Worldwide web development and the long-tail phenomenon offer new opportunities for the visibility of literary translation. Electronic translation software is to be avoided. Postcolonial and new immigrant writing benefit from cross-frontier digital exchange. And lesser known cultures and languages can become more familiar to wider audiences—Ala Al Aswany's runaway seller The Yacoubian Building (translated by Humphrey Davies), comes to mind.
Xenophobia feeds off ignorance and prejudice. Often fueled by the arrival of new immigrants in local neighborhoods, a positive counterbalance is to make available translated fiction in local libraries; on the school curriculum; and through tours like the Children's Bookshow. To quote George Orwell, íIf thought corrupts language, language can also corrupt thought.ë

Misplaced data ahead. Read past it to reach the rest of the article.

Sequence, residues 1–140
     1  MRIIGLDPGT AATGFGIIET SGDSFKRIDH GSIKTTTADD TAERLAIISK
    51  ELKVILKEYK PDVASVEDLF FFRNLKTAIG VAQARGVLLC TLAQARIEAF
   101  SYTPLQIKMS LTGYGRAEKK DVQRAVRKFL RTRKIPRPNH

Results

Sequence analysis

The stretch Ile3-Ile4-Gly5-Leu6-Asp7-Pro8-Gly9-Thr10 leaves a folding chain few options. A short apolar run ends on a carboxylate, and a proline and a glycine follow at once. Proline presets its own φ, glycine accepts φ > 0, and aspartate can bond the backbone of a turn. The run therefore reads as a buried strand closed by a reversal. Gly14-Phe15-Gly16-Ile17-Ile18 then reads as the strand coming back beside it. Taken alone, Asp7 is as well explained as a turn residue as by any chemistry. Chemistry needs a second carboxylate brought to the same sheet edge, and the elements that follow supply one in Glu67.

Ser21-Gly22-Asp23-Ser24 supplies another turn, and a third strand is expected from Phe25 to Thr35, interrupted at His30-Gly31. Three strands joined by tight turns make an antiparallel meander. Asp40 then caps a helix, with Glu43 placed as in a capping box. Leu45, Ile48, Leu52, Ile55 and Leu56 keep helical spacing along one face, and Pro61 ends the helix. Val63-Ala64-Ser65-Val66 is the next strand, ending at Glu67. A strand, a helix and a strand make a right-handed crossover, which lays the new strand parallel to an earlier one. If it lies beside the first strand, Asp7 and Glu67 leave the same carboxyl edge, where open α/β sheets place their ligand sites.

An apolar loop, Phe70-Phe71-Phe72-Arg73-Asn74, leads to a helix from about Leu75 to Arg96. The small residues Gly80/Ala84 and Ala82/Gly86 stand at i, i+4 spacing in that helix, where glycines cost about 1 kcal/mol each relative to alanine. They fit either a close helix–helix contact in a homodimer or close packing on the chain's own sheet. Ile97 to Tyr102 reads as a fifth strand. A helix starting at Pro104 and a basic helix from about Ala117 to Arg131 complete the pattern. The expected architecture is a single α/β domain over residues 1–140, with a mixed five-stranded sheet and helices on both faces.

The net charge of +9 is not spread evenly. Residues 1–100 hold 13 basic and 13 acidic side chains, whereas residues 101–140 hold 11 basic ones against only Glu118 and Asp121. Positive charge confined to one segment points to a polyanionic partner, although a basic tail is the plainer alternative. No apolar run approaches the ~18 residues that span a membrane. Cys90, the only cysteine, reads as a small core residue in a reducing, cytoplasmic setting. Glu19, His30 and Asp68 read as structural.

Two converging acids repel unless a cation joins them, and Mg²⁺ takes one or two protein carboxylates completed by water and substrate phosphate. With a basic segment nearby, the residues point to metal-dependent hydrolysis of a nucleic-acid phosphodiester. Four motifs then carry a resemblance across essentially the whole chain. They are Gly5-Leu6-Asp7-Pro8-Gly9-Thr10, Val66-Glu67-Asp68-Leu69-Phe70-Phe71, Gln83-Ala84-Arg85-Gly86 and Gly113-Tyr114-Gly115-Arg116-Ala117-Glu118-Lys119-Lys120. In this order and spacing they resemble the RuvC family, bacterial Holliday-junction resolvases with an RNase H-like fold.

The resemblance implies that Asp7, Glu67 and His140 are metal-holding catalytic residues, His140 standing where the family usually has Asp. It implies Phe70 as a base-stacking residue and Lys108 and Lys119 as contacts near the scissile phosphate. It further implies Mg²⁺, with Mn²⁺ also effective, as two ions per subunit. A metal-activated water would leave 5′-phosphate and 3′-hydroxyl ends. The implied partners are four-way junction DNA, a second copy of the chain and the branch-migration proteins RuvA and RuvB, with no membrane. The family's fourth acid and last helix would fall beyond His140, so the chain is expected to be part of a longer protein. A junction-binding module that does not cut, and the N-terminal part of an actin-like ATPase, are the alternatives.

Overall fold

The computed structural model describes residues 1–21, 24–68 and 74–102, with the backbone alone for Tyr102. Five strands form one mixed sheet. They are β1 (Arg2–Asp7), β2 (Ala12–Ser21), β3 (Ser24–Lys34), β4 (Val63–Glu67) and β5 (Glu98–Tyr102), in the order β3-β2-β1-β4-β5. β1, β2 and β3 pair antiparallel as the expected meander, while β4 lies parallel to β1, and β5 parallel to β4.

Yob culture is the antithesis of cultural exchange, and a prime example of the fundamentally racist íbloody foreignersë mindset.
Zeitgeist is moving on from Scandinavian crime writing, so what's the Next Big Thing?
dear felicity - the children’s book show has often been done in part with l’institut francais 17 queensberry place london SW7 (last year there was a grand finale at l’institut as the inaugural event for their youth festival) so why not get in touch with the french cultural attache first off? there’s more info on this link http://www.lonsas.org.uk/news_details.asp?NewsID=1139
DATE: 07/03/2008 5:07:15 AM
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